As an aside, Riess extracted his revenge a few hands later. He called Farber’s 2M chip preflop open-raise holding the same 6-5 that Farber held five hands earlier. Riess check-called the flop and turn on J-J-3-3 and then led out when an offsuit 10 hit the river. Farber folded king high, and Riess won the pot by bluffing with 6 high.
There were many other interesting hands involving the eventual champion during the tournament, far too many to detail, but I think the ones mentioned above are interesting and show a lot of insight into the way a great player thinks through hands and scenarios. I hope my comments on the hand are close to the way Ryan thought through the hand.
During the broadcast, social media sites were buzzing with people's thoughts of the play. A common topic that was brought up by many high-stakes tournament regulars was Riess' passive nature while holding the chip lead when there were five and six players left. Several times the action folded to Riess in late position, and he opted to fold as well, rather than raising with any two cards to put pressure on the shorter stacks to his left. He took a lot of heat for this, and I can understand why. Standard tourney strategy dictates that he should be raising constantly and not giving anyone a free pass. Personally, I understand that, but I also understand Ryan's reasons for playing as he played.
The main thing to note is the money jumps. By this point, each player who was eliminated resulted in an extra $1 million or so in real money. Most players, myself included, would not be willing to splash around at this point when the money at stake is so huge. I agree that could also be a reason to raise more often, as these money jumps are a consideration for others, as well. But the biggest reason I think is that he was doing his best to avoid flips at this point. And the stacks to his left all had perfect size re-shove stacks in the 15-25 big blind range. Ryan seemed to prefer missing out on winning the blinds and antes rather than trapping himself in a game of raising with rags, getting shoved on, and forfeiting his 2-2.5 big blinds each time. While a little more aggression would have been nice, I completely understand his lack of willingness to get involved in more high-variance spots.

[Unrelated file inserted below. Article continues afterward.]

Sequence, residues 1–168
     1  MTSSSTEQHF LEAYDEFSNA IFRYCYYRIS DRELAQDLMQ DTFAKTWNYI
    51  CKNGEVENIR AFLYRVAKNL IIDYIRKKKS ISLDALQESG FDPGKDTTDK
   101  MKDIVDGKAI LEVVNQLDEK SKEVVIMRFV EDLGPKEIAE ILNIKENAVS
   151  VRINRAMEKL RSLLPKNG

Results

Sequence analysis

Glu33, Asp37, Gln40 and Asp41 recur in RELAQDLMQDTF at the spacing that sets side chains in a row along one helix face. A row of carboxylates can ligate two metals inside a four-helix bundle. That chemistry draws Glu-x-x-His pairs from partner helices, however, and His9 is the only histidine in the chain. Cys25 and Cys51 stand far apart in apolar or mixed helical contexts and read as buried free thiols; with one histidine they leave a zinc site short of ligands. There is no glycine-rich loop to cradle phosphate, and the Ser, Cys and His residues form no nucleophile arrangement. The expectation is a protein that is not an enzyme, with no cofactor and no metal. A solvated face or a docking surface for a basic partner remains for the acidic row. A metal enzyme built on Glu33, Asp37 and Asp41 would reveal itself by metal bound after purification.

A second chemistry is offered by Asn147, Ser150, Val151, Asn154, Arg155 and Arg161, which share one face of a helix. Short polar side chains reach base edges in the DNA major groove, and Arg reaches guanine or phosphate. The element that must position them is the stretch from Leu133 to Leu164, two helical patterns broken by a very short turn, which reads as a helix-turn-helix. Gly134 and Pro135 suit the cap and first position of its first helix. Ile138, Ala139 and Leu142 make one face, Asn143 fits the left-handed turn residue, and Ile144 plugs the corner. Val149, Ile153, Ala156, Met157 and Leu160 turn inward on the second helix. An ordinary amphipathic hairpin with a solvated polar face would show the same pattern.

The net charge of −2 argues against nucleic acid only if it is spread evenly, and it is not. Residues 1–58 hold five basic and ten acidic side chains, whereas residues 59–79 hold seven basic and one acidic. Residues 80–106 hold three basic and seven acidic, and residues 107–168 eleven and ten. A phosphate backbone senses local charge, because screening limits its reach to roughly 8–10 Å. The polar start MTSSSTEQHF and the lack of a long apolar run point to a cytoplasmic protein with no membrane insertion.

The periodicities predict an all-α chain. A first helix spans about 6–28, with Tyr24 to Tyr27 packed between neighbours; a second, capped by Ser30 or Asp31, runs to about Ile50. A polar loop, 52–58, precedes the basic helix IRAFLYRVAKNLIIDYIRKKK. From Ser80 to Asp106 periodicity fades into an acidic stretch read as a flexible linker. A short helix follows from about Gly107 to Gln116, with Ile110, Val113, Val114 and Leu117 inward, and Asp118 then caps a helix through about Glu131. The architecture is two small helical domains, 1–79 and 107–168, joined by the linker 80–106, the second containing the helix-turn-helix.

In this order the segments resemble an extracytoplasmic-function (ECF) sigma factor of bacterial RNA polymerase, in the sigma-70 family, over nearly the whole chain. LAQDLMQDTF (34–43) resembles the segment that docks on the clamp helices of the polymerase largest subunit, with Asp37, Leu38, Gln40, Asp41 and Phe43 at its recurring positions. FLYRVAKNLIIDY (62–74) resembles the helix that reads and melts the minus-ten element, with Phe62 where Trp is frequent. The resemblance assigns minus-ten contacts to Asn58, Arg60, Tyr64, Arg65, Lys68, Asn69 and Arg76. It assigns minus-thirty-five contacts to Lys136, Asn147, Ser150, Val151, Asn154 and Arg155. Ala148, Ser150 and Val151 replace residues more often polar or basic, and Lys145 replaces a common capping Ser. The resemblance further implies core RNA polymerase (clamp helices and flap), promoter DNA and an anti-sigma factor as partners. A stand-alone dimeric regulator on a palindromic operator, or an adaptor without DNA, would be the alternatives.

Overall, I thought Ryan played an amazing game at the final table and ultimately was crowned a most deserving champion. I think he will prove to be a great ambassador for poker and look forward to seeing how he handles the spotlight.
Luckily AVPer "queen10off" is good friends with Ryan Riess and was in the front row for the heads-up match. He will be writing a blog that details both his thoughts about being there to witness the November Nine, the heads-up match, and hopefully even some details of the after party from the winner’s suite at the Rio! I believe he also spoke to Ryan about a few of the hands and got his thoughts. You can read his blog about this by clicking HERE and then going to the last page.
Special thanks to hardboiledpoker's blog as well as poker news for the in depth reporting on the hands which is where I pulled the exact betting amounts and hand numbers from.
As always, please leave any feedback, comments, and suggestions about this article in the forum here at AVP. Best of luck on the tables!